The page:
Trust art broker Albert Avellana to always think out of the box, especially when celebrating his 50th birthday.
Every day from midnight of June 11 to July 31, friends and relatives have been and will be hosting lunches, tea parties, cocktails and dinners to add up to 50 intimate celebrations.
Every June 12—Avellana’s birthday—he always holds a big party at the Avellana Arts Gallery which also coincides with the opening of an exhibit and Independence Day.
“I’m guilty. People have been telling me they don’t want to attend the party because there are too many guests, and I don’t talk to them. After a minute of small talk, I disappear. I said to myself, what if I do 50 birthday parties?”
Last June 11, Avellana’s longtime friend and patron Marivic Vasquez organized a dinner for 12 at Café Adriatico. Everybody was asked to wear red, Avellana’s signature color.
Since then, parties have been lined up by designers, artists, relatives, art cognoscenti—interior designers Tina Bonoan, Darla Villalon, Opat Hermano, Penny Zaide, Becca Kaisip, George Martinez of Don Bosco, architect Dan Lichauco, photographer Philip Escudero, Tuchi Imperial, nephews and nieces, fashion designer Jojie Lloren, the Printmakers Association of the Philippines, Deanna Ongpin, former Penguin buddies, Leo Aldana, designer Ricky David.
In Bacolod, he will be feted by scion Adrian Lizares, furniture designer Bernie Sason, Lisa Montero, Bong Zubiri, to name a few.
Bubot Caluya culminates the 50-day celebration of 50 years. These are small groups, so Avellana can spend quality time with them.
“Those 50 birthday celebrations are friendship-based. That is also how I run the gallery. Everything is relationship-based. I don’t bind the artist in a contract.”
His roster now includes nearly 50 artists.
Avellana’s recent birthday bash not only marked the 10th anniversary of his gallery in Pasay City but also his longtime association with artist Eugene Jarque, his first protégé. He discovered Jarque when the latter was a student at the Technological University of the Philippines. Jarque’s exhibit presents his penchant for unusual shapes and colors rendered in acrylic, fabric and layers of stripped woods.
No pretty pictures, social realism or angsty pieces have ever been displayed on those walls.
“I’m too happy,” Avellana says with a chuckle. “Angsty pieces don’t work here. I’m always looking for something original—yung natataranta ako (something that bewilders).”
Avellana comes from a family of artists. His father, Angel Avellana, was a prominent sound engineer in the film industry, elevated to the Famas Hall of Fame after winning for six consecutive years. He worked on such films as “Ang Pinakamagandang Hayop sa Balat ng Lupa,” “Mga Anghel sa Lupa,” “Asedillo” and other Fernando Poe Jr. classics.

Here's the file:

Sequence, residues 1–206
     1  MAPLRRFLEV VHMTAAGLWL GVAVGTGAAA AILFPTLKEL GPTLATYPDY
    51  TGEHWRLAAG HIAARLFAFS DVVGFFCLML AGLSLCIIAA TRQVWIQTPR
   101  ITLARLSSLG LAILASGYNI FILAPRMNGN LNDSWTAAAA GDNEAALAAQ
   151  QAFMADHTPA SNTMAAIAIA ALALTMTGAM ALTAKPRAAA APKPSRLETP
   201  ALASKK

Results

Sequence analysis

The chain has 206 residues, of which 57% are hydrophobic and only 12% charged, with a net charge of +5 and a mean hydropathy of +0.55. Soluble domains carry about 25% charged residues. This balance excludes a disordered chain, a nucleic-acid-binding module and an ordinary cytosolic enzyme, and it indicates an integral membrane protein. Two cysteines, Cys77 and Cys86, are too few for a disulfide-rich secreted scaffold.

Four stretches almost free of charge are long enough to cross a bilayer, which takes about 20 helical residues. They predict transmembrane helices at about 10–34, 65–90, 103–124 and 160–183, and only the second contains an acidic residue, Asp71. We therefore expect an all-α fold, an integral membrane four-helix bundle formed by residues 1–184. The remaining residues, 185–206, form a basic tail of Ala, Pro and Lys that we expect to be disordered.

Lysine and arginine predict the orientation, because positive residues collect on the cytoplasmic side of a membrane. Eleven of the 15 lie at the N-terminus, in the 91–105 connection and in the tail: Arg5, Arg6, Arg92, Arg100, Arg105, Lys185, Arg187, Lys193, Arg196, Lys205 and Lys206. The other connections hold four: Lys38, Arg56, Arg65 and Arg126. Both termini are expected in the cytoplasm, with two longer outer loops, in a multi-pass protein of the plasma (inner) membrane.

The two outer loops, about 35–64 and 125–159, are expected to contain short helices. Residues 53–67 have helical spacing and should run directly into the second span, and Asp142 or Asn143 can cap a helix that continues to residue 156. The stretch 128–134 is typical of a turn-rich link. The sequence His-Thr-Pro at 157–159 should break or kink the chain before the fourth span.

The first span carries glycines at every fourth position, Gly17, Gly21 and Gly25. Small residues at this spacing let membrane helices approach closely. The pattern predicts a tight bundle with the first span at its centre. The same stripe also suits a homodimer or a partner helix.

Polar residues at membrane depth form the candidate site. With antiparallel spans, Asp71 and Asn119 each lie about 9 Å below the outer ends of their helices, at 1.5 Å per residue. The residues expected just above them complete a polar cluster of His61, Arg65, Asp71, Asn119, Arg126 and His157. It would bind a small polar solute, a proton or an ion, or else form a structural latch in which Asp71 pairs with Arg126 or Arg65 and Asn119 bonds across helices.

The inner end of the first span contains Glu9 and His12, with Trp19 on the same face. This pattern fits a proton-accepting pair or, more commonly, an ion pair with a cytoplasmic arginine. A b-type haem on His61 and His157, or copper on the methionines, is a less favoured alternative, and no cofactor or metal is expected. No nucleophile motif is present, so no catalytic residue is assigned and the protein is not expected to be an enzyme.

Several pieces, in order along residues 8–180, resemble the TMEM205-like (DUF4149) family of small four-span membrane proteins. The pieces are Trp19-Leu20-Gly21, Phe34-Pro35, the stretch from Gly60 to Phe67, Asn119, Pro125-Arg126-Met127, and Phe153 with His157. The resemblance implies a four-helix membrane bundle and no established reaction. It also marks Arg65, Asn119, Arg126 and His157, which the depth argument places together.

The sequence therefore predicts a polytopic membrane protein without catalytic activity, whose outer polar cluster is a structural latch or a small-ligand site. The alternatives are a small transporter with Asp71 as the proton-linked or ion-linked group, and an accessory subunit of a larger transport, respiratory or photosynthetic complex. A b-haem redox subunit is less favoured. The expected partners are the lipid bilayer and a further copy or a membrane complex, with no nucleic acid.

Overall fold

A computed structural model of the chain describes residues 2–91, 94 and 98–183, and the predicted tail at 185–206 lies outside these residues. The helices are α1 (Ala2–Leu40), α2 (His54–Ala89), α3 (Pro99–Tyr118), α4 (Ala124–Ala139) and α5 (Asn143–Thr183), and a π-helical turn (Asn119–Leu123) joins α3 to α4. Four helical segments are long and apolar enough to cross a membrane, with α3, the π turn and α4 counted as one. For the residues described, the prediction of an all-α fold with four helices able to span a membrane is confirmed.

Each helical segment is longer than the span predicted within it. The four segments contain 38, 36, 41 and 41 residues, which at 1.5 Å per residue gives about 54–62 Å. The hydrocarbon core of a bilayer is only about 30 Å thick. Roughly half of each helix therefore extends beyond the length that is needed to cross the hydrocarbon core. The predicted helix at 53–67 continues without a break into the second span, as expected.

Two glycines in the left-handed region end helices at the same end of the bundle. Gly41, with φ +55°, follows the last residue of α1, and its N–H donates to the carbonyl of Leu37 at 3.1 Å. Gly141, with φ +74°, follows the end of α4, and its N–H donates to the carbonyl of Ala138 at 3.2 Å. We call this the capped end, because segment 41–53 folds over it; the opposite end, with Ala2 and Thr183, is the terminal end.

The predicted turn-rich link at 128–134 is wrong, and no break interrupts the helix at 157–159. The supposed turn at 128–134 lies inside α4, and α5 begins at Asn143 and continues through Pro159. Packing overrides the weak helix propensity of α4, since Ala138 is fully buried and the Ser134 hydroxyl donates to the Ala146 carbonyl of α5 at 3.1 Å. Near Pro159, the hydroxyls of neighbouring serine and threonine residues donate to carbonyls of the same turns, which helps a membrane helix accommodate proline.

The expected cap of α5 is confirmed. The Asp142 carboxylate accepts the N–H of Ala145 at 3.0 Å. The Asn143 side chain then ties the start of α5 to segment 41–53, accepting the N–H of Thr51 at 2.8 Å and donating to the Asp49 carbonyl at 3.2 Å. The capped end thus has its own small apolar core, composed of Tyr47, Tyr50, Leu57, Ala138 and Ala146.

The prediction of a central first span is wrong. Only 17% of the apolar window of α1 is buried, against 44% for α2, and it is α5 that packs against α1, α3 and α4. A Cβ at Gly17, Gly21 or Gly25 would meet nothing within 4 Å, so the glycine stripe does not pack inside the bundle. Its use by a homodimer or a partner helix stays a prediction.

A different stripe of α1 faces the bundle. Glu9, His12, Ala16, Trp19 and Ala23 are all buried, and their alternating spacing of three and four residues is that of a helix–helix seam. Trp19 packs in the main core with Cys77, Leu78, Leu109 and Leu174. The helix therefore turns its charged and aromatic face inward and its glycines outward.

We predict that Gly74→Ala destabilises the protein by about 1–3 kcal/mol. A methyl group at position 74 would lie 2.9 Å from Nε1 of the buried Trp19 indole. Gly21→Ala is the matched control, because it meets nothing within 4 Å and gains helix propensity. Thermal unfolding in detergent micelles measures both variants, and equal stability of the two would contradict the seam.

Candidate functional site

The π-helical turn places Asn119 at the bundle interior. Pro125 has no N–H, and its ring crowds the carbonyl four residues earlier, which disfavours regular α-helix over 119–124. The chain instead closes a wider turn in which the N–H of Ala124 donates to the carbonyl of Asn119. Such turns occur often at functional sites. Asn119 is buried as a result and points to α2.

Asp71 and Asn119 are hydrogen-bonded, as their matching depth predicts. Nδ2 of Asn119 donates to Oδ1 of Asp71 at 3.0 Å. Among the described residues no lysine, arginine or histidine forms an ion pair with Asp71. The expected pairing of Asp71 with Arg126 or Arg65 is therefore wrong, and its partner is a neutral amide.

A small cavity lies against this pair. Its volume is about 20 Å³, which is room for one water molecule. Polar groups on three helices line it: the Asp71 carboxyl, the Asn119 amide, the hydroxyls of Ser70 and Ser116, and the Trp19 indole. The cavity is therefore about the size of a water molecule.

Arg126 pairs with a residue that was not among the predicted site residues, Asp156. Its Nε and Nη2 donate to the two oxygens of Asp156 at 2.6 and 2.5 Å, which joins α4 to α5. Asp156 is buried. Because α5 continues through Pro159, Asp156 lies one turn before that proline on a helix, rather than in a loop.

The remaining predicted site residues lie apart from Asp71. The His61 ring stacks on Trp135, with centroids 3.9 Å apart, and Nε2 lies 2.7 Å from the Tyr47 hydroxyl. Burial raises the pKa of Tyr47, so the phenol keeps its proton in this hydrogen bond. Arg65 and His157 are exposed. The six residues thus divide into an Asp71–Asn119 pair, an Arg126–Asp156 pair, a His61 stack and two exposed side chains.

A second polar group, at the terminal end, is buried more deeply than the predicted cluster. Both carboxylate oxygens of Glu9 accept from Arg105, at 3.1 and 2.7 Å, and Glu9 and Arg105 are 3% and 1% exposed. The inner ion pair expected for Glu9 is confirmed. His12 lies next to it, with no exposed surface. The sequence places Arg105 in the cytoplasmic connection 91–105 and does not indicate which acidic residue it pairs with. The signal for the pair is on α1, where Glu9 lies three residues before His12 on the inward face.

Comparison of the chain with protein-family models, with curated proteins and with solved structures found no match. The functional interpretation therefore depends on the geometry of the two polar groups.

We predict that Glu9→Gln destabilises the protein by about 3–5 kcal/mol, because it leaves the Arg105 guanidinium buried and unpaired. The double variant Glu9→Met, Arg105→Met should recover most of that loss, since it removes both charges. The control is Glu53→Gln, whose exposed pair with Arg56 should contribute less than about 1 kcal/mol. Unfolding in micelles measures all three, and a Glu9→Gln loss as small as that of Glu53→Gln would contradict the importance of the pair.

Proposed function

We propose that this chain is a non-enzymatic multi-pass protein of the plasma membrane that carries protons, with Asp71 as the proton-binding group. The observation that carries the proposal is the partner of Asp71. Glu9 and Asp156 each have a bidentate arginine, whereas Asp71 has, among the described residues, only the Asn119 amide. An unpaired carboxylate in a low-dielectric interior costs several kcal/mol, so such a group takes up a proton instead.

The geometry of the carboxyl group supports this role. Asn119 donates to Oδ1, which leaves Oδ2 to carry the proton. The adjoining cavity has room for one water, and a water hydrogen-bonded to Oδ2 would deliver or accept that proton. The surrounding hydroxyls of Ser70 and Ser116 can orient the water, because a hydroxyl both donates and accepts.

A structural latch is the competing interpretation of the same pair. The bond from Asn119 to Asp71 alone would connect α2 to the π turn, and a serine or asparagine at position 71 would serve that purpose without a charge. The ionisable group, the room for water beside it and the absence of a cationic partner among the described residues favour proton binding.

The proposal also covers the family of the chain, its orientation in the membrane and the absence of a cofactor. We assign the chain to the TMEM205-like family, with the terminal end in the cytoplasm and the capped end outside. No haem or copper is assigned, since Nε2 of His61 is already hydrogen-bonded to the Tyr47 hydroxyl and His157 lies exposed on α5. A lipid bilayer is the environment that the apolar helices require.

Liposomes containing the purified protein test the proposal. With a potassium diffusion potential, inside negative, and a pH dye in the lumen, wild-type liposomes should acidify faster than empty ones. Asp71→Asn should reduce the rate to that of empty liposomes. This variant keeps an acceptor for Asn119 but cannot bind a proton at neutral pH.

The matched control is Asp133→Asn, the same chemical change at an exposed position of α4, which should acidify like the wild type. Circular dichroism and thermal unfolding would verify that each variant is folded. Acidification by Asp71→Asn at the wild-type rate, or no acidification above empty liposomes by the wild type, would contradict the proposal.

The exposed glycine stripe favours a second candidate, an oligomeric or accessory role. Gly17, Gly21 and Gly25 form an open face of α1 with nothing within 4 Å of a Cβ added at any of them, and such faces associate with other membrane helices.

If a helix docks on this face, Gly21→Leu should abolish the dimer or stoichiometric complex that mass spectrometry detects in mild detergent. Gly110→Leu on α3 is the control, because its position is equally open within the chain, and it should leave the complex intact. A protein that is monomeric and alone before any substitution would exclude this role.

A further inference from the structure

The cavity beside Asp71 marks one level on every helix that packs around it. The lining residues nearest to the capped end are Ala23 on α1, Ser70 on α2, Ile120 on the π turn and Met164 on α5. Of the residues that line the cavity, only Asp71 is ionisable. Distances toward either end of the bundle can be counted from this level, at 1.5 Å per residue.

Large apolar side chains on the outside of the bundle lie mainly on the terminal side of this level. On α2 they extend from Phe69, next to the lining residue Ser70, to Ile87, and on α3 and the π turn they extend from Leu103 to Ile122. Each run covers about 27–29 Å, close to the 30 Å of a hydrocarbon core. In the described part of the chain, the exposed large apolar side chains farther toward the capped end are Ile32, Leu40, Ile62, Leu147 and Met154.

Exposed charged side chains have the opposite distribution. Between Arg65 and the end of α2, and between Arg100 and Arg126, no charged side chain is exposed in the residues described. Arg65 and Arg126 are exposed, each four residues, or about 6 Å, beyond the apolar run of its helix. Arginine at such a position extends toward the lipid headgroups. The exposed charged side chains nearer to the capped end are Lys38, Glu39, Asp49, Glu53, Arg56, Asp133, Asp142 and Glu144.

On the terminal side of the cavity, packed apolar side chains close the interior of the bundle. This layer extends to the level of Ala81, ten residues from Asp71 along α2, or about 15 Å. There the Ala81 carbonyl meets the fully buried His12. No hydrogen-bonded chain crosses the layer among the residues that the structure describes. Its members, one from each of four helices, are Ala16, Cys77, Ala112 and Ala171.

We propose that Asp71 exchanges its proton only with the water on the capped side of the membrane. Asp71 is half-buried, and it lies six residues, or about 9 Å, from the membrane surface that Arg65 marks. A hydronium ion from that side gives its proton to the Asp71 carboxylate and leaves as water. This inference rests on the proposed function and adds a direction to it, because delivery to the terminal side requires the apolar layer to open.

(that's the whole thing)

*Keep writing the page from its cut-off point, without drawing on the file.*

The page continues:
His uncle is National Artist for Film Lamberto Avellana. During the wake of his aunt Daisy Avellana, National Artist for Theater, he styled the chapel with white flowers and tall grass, Daisy’s urn and portrait floating above them. The viewing area was arranged as a quiet space while the rest of the visitors talked outside.
Avellana cultivated his aesthetics from his fine arts training at the Philippine Women’s University. Although his first job was selling carpets and etched glass, he discovered his talent in finding tasteful artworks and selling them. He also had a stint in theater, joining the chorus of Gantimpala Theater’s “Magsimula Ka” and Repertory Philippines’ “Fiddler on the Roof.”
He then helped out the late artist Sid Hildawa in his gallery, curated the exhibits at Alliance Française and helped in the cultural affairs of the then newly established Instituto Cervantes.
In 1997, Avellana opened his first gallery at San Juan Apartments. Meanwhile, he also mounted exhibits for the Hotel InterContinental and Peninsula Manila. When interior designer Josephine Labrador Hermano took over Design and Architecture magazine (now defunct), Avellana was tasked to be the pictorial director.
Our friendship with Avellana dates back to 1989. In a party at Hermano’s house, the owner showed the photos of her abode and was displeased by the photographer’s lack of perspective. I was still working for another newspaper.
When we asked permission to photograph her house, she asked Avellana to guide the photographer, Teddy Pelaez.
Avellana taught photographers about mood for interiors using available lighting, depth of space and background and foreground. Through the years, Albert also helped me by directing the fashion shoots. The clothes were also set against striking architecture, whether it was vintage Chanel and Azzedine Alaia clothes set against the Philamlife Building, or Joe Salazar’s gowns in front of Ruby Roa’s Asian-inspired getaway in Cavite.
Albert is also a caring friend. When we were photographing the penthouse of an interior designer, I accidentally ran into glass panel door. The designer-owner didn’t even apologize or offer to give me first aid. Albert brought me to the emergency room of the nearest hospital to stop my nosebleed.
One of Avellana’s bright ideas was to organize a fashion show for the Inquirer inside the MRT just before its launch in 1999. We asked the Metro Rail Transit Corp. to provide us the train ride, which was set on the eve of its inaugural trip with President Joseph Estrada.
Albert Almedralejo helped to produce the event, while Joey Espino directed the six designer-collections. Guests entered the North Avenue station. At every stop, a new batch of models from a different designer entered the carriages. The ride ended at the Shaw Boulevard station with a Bench fashion show. That was arguably the only time Manila’s social set ever rode the MRT.
Avellana’s fertile imagination keeps on running. From his birthday to June 11, 2014, he will curate 50 exhibits—some at Café Escudero in Quezon City, others in Bacolod, and at Plaza del Norte in Laoag.